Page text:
The General Data Protection Regulation (GDPR) is a legal framework that sets guidelines for the collection and processing of personal information of individuals within the European Union (EU). The GDPR sets out the principles for data management and the rights of the individual, while also imposing fines that can be revenue-based. The General Data Protection Regulation covers all companies that deal with data of EU citizens, so it is a critical regulation for corporate compliance officers at banks, insurers, and other financial companies. GDPR came into effect across the EU on May 25, 2018.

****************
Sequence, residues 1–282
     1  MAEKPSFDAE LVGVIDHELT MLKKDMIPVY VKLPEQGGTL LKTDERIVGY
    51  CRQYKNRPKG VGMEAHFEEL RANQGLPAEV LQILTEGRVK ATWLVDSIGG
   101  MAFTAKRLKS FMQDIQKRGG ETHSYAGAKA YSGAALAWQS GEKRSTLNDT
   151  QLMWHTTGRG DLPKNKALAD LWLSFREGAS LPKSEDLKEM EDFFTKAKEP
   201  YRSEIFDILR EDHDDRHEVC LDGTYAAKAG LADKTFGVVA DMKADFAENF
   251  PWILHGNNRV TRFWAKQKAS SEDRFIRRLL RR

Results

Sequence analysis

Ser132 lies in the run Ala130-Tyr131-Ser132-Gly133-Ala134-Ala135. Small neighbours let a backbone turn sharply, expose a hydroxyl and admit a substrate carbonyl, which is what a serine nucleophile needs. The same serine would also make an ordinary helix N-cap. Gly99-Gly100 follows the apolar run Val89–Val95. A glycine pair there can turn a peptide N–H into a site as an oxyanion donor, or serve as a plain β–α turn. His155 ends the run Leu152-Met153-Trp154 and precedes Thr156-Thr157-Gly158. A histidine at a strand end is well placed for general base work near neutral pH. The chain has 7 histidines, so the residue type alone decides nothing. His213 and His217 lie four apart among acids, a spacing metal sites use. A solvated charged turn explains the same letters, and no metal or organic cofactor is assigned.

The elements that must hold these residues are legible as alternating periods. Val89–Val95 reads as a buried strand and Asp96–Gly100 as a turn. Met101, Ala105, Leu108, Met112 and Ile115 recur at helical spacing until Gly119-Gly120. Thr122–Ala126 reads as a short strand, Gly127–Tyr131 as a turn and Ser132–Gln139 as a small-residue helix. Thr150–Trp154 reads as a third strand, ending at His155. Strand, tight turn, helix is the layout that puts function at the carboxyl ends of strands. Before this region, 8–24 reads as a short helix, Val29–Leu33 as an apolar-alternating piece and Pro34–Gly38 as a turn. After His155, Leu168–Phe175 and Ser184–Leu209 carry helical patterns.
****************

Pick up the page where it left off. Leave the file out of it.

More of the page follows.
The GDPR was adopted in April 2016 and adds to the EU’s general policy of protecting citizen’s data. In addition to the notifications of collection and legal ramifications for misuse, there is also a requirement to obtain explicit consent, notify in cases of a hack or breach, appoint dedicated data protection officers and much more. For financial institutions, the new rules will require significant investments in compliance to ensure continuing access to the EU market. The new rules are also pushing firms to pseudonymize personally identifiable information (PII) prior to processing it, meaning that the data can’t be attributed back to a particular person. The pseudonymization of data allows firms to do some larger data analysis such as assessing average debt ratios of its customers in a particular region — that would otherwise be beyond the original purposes of data collected for assessing creditworthiness for a loan.
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